On November 3, 1995, the Raptors made their NBA debut.

Founded on September 30, 1993, the Raptors had to wait over two years before making their NBA debut in the 1995/96 fiscal year. Forty-nine years later, Canada – and more specifically the city of Toronto – has once again welcomed a Great League franchise to its territory.

The anomaly is thus fixed for this country, with a particular attachment to basketball. Because in addition to being the land of origin of the inventor of this sport – Dr. James Naismith – and having a leading role in the creation of the BAA (ancestor of the NBA), this is also where the very first BAA match in history took place.

At that time, the meeting between the Toronto Huskies and the New York Knicks actually took place in Ontario. On November 1, 1946, more than 7,000 people gathered at Maple Leafs Garden to witness this historic poster, which saw the New Yorkers narrowly win (68-66).

Since the 1946/47 season, at the end of which the leaders of the Huskies finally put the key under the door (lack of interest in the franchise and therefore the profitability), Canada has been removed from American professional basketball. Until that famous night in November 1995.

Celebrate Canada

Canadian fans were further spoiled that night as not one but two teams from the “nation of the maple leaf” rolled out on November 3rd. In addition to the Toronto Raptors, the Vancouver Grizzlies are also taking their first steps in the NBA (victory with the Blazers). If the city of Vancouver doesn’t have a franchise today, Toronto is lucky to be celebrating the 27th anniversary of its official start.

And for their inaugural match, the Raptors faced the Nets at the SkyDome, this multi-sports arena with a maximum capacity of 50,000 seats! For the occasion, only 33,306 people came to watch this rivalry, which was not the most attractive of all, on paper.

At the time, while the New Jersey franchise, orphaned by Derrick Coleman and now led by the Kenny Anderson – Armen Gilliam duo, was mediocre, Toronto relied on a diverse workforce and lacked collective experience, with lead rookie Damon Stoudamire.

However, unlike their opponents, Canadians can count on this extra soul that carries the weight of history.

An unforgettable opening night

Damon Stoudamire, Alvin Robertson, Ed Pinckney, Carlos Rogers and Zan Tabak are the first starting five of the Raptors. In an electric environment, they can also quickly control this part, never letting go.

Led by Alvin Robertson, Brendan Malone’s (Michael’s father…) men led after the quarter (21-17). Then they would gradually grow their lead, to return to the locker room by being ahead by 13 points (46-33). In control, Toronto would not let up in the second half and would eventually win by a score of 94 to 79.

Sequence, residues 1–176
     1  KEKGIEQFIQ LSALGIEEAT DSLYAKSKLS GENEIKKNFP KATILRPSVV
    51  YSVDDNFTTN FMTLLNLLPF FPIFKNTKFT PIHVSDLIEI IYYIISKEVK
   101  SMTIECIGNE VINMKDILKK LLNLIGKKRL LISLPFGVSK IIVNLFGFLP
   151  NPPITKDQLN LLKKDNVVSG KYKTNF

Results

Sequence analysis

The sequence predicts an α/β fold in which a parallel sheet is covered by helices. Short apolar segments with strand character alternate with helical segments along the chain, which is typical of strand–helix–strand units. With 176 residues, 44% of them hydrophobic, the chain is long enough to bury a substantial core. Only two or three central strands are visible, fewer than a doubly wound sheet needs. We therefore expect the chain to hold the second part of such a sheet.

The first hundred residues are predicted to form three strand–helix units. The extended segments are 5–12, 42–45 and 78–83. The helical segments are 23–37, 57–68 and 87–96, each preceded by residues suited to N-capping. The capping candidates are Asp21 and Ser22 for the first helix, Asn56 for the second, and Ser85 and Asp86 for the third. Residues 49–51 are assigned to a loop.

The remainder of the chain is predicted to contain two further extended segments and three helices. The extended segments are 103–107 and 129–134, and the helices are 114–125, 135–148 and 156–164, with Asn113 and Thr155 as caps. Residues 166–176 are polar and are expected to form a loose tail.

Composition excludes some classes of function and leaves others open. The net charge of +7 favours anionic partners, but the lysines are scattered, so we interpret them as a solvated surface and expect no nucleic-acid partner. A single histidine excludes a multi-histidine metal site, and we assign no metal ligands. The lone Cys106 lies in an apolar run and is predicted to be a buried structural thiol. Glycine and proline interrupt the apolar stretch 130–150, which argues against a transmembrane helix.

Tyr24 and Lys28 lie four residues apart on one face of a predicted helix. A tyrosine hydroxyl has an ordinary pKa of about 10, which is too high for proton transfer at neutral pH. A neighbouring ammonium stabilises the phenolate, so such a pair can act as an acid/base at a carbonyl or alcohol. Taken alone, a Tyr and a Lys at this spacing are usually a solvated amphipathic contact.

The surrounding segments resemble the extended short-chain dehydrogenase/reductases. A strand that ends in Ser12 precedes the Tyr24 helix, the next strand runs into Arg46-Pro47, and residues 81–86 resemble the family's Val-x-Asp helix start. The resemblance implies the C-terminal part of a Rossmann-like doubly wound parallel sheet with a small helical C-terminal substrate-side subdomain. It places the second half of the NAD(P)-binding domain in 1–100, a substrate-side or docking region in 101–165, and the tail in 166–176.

Returning to the floor after two and a half years of absence, due to a back injury, Alvin Robertson shone a thousand lights that night. The 1986 Defender of the Year, who will retire at the end of the 1995/96 season, finished this meeting with 30 points (11/14 on shots), 7 rebounds, 4 assists and 5 steals! As for Damon Stoudamire, he did a double-double (10 points, 10 assists) for his NBA debut.

Unable to stop the Canadian surge, the Nets lost this opening game in a landslide, allowing an entire franchise to begin its Great League adventure in the best possible way.

A clearing in the Canadian fog

However, this victory of the Raptors will unfortunately not herald an exercise synonymous with victory for them. They would actually finish it off with a sad (but logical) record of 21 wins and 61 losses, tied for 14th place in the Eastern Conference. However, they will comfort themselves with the third-best attendance in the NBA (23,178 average viewers), behind only the Hornets and the Bulls.

During its inaugural campaign, however, Toronto would stand out as one of nine (the Pacers did it twice) teams to beat Chicago in March 1996. At that time, the players of Illinois is on its way to a record season: 72 wins and 10 losses!

Other (rare) good news on the Canadian landscape: Damon Stoudamire’s Rookie of the Year trophy. Author of 19.0 points, 4.0 rebounds, 9.3 assists and 1.4 steals per game, the 7th choice of the 1995 Draft was destined to be the one to carry the franchise from Ontario to the playoffs. He would not succeed, however, as the Raptors finally had to wait for the arrival of Vince Carter in 1998 to definitively launch their ascent.

The article was originally published in 2020

Leave a Reply

Your email address will not be published. Required fields are marked *